Lost limbs replaced with a pill? New research says maybe soon

Scientists have long wondered just what gives the young of all species an accelerated capacity to heal after injury. New research designed to answer this question brings us one step closer to developing treatments that will allow our bodies to repair themselves. Lose a leg? Someday you may just take a pill or rub in some cream and grow a new one.

Researchers have identified two genes, Lin28a and IMP1 that supercharge cellular activity at the mitochondrial level. The mitochondria are cellular organs that regulate metabolism. The higher a cell’s metabolism, the more energy it has to repair damage. Lin28a is active during fetal development and shortly thereafter. Over time, the gene seems to simply go quiet. Lin28a is lively in animals that regenerate tissue and regrow lost limbs, like the hydra,the flatworm and salamander. To determine what happens if the gene was revived, scientists conducted research on mice. Results show that mice with the reactivated gene were able to regrow clipped fingertips, experienced faster hair growth than control mice.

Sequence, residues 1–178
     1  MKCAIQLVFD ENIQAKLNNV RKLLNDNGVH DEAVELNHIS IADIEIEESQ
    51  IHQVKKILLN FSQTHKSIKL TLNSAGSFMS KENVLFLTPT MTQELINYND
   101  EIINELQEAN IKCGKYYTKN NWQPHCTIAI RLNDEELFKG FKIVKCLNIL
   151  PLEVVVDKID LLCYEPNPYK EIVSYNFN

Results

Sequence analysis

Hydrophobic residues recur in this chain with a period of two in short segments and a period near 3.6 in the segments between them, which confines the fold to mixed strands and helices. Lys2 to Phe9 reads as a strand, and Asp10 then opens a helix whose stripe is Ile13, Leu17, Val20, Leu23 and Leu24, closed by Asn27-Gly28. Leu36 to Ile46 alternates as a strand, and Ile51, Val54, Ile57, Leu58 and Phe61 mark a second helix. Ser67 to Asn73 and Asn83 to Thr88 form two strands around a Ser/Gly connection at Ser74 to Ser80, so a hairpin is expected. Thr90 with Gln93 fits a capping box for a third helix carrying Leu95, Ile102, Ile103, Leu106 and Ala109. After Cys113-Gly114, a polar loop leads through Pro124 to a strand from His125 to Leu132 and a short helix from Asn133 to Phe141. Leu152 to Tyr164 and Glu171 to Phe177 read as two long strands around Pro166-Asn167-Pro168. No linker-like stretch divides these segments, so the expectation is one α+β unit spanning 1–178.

Dr. George Daley, of Boston Children’s Hospital and Harvard University, led a team of researchers to study this protein in hopes of eventually developing a drug that could activate the body’s ability to heal itself. The results have been promising. According to Daley, “My strongest conclusion is that Lin28a, or drug manipulations that mimic the metabolic effects of Lin28a, enhances wound healing and tissue repair, and thus in the future might translate into improved healing of wounds after surgery or trauma in patients.”

Interestingly, the research found more evidence that makes development of pharmaceuticals more likely. Lead author of the study, Shyh-Chang Ng of Harvard Medical School shares “One of our experiments showed that bypassing Lin28a and directly activating mitochondrial metabolism with a small-molecule compound also had the effect of enhancing wound healing, suggesting that it could be possible to use drugs to promote tissue repair in humans.”

Questions remain as to why this gene seems to go dormant with age. Some suggest that this is a protective mechanism against cancer and other age related diseases.

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